It is never fun to be corrected. Unfortunately, some people “think it means they are defective, unworthy, or less valuable, and they want to protect themselves from that.” (1) So how can a person find joy after being corrected? Let me tell you a true story from the farm about a tractor and a t-shirt. It illustrates how to handle correction.
My friend and I took a day trip to pick up a special breed of baby turkeys. It was a five hour drive each direction. Just as we arrived at our destination it started raining. I got soaked. Luckily I had taken a change of clothes with me, though at the time I didn’t know why I had put them in the car. On the return trip, we stopped to get something to eat and to change clothes.
Once back home I discovered that I had left my bag of wet clothes in the restaurant. Gone were my favorite tennis shoes, an almost new pair of jeans, and my pride and joy — a new T-shirt that read,
“Some grandmas knit. . . Real grandmas drive a tractor”.
I don’t like being corrected
Most people don’t enjoy correction, myself included. Yet when you look at the entirety of childhood it is one mistake after another. Toddlers attempt to walk, fall, and try again until they finally get it right. Elementary school children learn to read by making mistakes, learning the correct pronunciation, and moving on to new and more difficult words. Adolescents learning to play a guitar or piano make plenty of errors until finger coordination and muscle memory are accomplished. If this is how we learn in our early years, then why would things suddenly change once we reach adulthood?
“The upside to mistakes should not be underestimated. Knowing how to fail, err, come back, work harder, fall down, and get back up again is crucial to succeeding.” (2) How boring and unfulfilling life would be if we stopped learning.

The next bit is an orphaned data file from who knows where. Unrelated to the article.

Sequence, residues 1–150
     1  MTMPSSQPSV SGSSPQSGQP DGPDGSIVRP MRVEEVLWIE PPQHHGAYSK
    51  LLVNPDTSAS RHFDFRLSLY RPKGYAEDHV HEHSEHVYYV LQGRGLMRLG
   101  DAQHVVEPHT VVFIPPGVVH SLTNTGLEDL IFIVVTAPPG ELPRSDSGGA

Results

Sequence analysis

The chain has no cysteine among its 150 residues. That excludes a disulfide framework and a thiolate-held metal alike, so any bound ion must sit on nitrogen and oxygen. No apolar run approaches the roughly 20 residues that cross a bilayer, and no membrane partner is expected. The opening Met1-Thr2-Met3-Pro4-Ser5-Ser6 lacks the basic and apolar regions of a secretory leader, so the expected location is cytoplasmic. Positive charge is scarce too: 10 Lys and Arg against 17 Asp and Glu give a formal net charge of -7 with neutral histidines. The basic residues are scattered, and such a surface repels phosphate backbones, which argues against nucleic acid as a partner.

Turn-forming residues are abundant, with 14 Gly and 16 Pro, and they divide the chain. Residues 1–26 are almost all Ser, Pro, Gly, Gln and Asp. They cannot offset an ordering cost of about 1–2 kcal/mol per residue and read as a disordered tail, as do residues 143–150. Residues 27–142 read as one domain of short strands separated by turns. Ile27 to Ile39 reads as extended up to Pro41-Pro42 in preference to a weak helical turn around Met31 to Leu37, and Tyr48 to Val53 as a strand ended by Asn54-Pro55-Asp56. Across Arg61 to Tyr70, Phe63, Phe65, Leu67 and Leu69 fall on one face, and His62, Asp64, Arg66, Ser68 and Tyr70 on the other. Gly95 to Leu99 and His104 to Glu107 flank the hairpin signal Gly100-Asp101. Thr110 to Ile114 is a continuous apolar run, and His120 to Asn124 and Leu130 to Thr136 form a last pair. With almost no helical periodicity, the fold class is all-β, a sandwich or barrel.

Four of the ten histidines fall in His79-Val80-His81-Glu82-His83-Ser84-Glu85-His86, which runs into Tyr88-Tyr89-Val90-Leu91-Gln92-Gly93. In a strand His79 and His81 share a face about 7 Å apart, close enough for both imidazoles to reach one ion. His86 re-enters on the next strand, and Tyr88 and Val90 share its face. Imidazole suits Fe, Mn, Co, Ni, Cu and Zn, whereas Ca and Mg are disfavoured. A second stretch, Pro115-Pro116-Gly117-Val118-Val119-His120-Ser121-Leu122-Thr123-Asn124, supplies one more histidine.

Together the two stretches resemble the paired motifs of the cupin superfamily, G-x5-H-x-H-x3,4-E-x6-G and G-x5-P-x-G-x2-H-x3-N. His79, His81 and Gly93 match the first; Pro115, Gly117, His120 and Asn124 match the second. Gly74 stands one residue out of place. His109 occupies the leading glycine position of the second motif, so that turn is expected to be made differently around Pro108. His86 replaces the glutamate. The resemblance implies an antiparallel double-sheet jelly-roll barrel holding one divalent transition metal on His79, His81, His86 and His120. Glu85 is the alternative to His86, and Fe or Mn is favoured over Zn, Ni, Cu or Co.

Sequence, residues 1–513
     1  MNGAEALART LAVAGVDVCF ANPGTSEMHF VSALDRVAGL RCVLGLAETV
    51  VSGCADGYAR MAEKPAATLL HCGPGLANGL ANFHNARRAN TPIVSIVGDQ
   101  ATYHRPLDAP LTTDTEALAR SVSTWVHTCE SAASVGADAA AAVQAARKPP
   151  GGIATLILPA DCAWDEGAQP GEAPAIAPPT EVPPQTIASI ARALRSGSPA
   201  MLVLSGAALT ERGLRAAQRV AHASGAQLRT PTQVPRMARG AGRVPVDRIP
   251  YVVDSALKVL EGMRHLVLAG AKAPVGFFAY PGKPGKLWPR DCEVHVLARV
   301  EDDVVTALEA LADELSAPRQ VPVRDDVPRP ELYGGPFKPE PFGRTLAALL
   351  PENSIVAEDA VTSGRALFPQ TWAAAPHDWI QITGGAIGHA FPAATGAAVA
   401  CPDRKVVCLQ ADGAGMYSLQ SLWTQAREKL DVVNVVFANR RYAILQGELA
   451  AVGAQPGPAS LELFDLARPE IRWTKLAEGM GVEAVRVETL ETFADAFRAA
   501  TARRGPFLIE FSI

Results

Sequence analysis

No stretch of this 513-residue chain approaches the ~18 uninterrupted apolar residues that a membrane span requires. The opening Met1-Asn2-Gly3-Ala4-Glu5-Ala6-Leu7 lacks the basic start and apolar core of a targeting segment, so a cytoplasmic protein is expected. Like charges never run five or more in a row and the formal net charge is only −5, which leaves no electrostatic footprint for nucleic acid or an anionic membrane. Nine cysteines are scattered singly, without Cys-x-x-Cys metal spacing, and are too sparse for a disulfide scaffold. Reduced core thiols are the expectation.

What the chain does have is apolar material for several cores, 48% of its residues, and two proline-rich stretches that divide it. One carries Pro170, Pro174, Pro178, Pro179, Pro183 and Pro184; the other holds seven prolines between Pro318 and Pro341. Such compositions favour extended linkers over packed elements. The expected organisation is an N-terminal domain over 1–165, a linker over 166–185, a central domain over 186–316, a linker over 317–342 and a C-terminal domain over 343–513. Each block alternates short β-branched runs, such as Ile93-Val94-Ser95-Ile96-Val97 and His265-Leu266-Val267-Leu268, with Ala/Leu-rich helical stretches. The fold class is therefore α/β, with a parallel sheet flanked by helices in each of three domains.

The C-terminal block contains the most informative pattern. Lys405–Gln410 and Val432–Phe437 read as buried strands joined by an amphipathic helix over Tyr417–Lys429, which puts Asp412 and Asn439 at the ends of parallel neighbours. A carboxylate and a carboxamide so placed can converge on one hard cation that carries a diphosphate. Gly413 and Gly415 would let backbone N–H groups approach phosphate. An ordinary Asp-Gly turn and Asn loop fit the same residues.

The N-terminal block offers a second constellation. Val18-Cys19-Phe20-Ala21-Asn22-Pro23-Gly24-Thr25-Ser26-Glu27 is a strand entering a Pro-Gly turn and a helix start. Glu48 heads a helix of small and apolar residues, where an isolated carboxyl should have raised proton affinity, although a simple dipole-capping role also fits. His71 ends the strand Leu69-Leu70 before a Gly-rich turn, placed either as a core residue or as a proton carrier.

Thinking differently about how to handle correction
My daughter learned to drive a tractor at the age of 9 but I didn’t gain this skill until I was 68. The loss of my t-shirt was so upsetting! Being able to wear that unique message was a source of pride for me. It was saying, “Look what I can do at my age!” The Lord reminded me that I needed to be thankful if I wanted to have joy or peace. (Philippians 4:6-7). It wasn’t like I was destitute. I still had adequate clothing and shoes.
As I contemplated the fact that it is easy to lose ‘things’, I was encouraged that my relationship with Jesus cannot be lost. Shirts are just ‘things’. If our possessions inflate our ego we are better off without them. I had to say, “Thank you Lord for another reminder. You know what will help me be a better person.” In that moment I was learning how to handle correction.
To my amazement, the next morning my son-in-law had to go on a road trip and would be traveling close to the restaurant where my clothes had been left. His co-workers who were traveling with him agreed to go out of their way to retrieve my lost items.
We must not physically or emotionally hang on tightly to possessions. It wasn’t until I willingly gave up my article of pride that I received it back. Everything we have is on loan to us from God. We are simply stewards or caretakers of what belongs to Him.